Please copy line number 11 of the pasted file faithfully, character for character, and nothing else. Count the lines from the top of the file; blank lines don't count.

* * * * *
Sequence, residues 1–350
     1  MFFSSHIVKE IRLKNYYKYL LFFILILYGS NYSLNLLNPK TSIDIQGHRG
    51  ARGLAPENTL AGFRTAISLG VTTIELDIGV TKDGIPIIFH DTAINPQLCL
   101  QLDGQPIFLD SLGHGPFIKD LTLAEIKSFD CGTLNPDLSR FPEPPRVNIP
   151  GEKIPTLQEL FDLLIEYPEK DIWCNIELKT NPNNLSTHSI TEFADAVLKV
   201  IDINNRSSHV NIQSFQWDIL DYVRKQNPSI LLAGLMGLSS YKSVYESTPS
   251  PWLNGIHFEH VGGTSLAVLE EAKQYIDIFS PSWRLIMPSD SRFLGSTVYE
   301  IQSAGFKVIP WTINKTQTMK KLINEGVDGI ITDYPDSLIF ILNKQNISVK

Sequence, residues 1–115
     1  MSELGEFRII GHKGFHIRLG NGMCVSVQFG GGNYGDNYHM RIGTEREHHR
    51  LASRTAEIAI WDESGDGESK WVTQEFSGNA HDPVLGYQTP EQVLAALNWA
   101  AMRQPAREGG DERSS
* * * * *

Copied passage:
    51  LASRTAEIAI WDESGDGESK WVTQEFSGNA HDPVLGYQTP EQVLAALNWA